Another benefit of the retractable glazing system is that it creates a sunspace that is heated naturally throughout the day. In the winter months when the glazing is closed, the space is warmed by solar heat gain from the south.  Heat is then stored in the floor’s thermal mass and in the thermal wall that divides the two areas. Heat obtained from the sun in the space around the pool is transferred to the adjacent fitness area through a thermal storage wall. A thermal storage wall is a mass wall, usually masonry, stone, or concrete, that faces the equator and has high thermal storage capacity, high density, and high thermal inertia - or the ability to resist temperature swings. It is this material property that tampers heat gain and loss, facilitating continued warmth in the winter and cooling in the summer.

Top Daylighting + Louvered Shading

One of the most effective daylighting strategies to implement in a space is the use of top-lighting, which allows natural light to enter a building from above providing even illumination to the entire space. This type of lighting is ideal for human health, as it provides an evenly well-lit space and reduces the need for artificial light. Top-lighting is provided at the pool area in the form of a glass canopy with integrated adjustable shading louvers. The advantage of this top-lighting is access to the entire sky, consistent distribution of daylight, and the daylighting of the entire pool area as desired for leisure. Louvered shading controls act as direct sunlight diffusers, reducing glare and creating softer, uniform daylighting levels. These louvers also shade the top-facing glazing from direct sunlight in summer to reduce solar heat gain.

Photovoltaic Shading System

The photovoltaic system over the pool area brings multiple synergies that benefit the pavilion. By integrating photovoltaics with the shading louvers on single-tilt axes, the panels respond to changes in the sun’s azimuth throughout the year. Since solar panels produce the most electricity when they are placed exactly perpendicular to the sun, the panels face south at a 55-degree angle from the horizon in the winter and at 25-degrees from the horizon in the summer. The seasonal position of the shades correlates with a need for more shade in the summer and less shade in the winter: optimal directionality equals optimal shading. For structures that do not have adjustable-tilt panels, the best practice is to tilt the panels between 30-45 degrees all year round - the higher the latitude, the higher the tilt. The photovoltaic louvered panel system paired with ample natural daylighting designed into the pavilion envelope, means that the lighting of the entire structure can come from the sun.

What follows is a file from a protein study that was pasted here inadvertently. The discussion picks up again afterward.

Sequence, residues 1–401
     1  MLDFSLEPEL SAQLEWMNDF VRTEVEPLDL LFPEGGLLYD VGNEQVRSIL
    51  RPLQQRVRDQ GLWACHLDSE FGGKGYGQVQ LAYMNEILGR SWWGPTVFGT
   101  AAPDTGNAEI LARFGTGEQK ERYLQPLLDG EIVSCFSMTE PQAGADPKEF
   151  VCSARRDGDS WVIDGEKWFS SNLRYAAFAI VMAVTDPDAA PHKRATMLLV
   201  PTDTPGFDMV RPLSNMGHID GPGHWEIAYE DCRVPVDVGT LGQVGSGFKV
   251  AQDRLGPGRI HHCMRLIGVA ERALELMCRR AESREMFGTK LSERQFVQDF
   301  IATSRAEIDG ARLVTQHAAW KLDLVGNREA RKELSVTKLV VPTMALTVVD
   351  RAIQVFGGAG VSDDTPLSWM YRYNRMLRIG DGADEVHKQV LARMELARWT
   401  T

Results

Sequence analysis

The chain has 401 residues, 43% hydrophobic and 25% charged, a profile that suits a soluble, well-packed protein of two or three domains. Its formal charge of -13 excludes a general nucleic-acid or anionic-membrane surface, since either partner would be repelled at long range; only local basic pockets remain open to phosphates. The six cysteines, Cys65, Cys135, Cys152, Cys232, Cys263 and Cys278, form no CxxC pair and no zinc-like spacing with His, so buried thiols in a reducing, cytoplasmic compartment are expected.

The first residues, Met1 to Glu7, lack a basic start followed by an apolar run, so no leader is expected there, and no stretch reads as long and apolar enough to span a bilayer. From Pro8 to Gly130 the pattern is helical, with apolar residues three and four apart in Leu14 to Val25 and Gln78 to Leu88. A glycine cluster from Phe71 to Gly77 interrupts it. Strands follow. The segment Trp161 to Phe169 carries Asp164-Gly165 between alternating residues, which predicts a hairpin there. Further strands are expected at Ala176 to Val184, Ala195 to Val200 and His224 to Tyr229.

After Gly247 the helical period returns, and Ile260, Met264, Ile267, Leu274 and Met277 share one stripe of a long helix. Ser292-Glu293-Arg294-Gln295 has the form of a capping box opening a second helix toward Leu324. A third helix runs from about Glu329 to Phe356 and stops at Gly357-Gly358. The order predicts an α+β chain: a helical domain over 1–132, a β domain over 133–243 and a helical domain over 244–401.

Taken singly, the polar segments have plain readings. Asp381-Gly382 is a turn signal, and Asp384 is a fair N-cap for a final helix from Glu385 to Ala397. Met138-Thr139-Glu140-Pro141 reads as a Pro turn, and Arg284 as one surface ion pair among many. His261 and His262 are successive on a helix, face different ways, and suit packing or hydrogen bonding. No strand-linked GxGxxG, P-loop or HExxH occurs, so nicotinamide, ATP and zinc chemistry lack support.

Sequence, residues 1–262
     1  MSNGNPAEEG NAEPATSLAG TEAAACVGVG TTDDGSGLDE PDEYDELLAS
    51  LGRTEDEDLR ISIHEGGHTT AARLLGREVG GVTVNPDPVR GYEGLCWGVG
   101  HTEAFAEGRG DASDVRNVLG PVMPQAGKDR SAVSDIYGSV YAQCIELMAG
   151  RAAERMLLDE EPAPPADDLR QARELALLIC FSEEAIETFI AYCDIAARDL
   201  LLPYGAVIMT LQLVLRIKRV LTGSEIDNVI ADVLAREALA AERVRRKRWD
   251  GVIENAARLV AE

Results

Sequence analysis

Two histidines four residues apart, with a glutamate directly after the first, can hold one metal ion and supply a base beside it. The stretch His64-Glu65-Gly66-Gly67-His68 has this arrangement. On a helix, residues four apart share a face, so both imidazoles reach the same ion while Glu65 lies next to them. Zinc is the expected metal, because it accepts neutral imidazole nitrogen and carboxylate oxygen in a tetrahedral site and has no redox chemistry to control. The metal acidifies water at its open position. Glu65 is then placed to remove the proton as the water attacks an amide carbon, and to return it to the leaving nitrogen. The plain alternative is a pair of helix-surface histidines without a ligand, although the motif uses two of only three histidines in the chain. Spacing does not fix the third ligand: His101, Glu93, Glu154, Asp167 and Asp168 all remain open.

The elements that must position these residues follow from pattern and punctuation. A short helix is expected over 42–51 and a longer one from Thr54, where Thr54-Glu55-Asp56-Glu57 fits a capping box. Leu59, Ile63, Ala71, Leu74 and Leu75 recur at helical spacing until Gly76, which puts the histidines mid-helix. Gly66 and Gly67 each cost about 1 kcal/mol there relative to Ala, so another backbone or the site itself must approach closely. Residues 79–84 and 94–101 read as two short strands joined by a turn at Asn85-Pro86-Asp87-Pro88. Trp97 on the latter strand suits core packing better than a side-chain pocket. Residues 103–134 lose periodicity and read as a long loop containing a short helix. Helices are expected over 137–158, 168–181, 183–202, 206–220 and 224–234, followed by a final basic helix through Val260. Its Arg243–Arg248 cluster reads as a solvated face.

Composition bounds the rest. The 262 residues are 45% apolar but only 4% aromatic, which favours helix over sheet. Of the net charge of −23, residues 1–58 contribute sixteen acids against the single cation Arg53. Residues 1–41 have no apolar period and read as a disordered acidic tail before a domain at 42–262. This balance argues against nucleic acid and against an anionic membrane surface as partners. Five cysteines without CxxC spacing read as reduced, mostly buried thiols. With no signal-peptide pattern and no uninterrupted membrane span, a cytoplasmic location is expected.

Green Roof

The extensive green roof over the indoor fitness area brings multiple benefits to the pavilion. Vegetation and soil placed on waterproofing membrane with drainage, increase the insulative qualities of the roof and tamper ambient air temperature swings. Additionally, the green roof reduces overall building energy consumption used for heating and cooling and combats the heat island-effect created by roofing and hardscapes. By integrating an organic thermal mass on the roof, the structure retains rainfall, reduces noise, filters pollutants, and cools the fitness area during Utah’s’ hot summers. The green roof also provides a comfortable rooftop space with a great view to enjoy.

Working with climatic conditions instead of against them is essential to crafting a sustainable approach to design. Using sunlight to heat, power, light the spaces we use brings synergies and benefits that will extend beyond today and well into the future. Whether a building is used for recreation and leisure or for learning, healing, or working, harnessing the power of the sun to enhance our experiences and minimize energy use is key to creating better built environments that foster social, environmental, and economic well-being.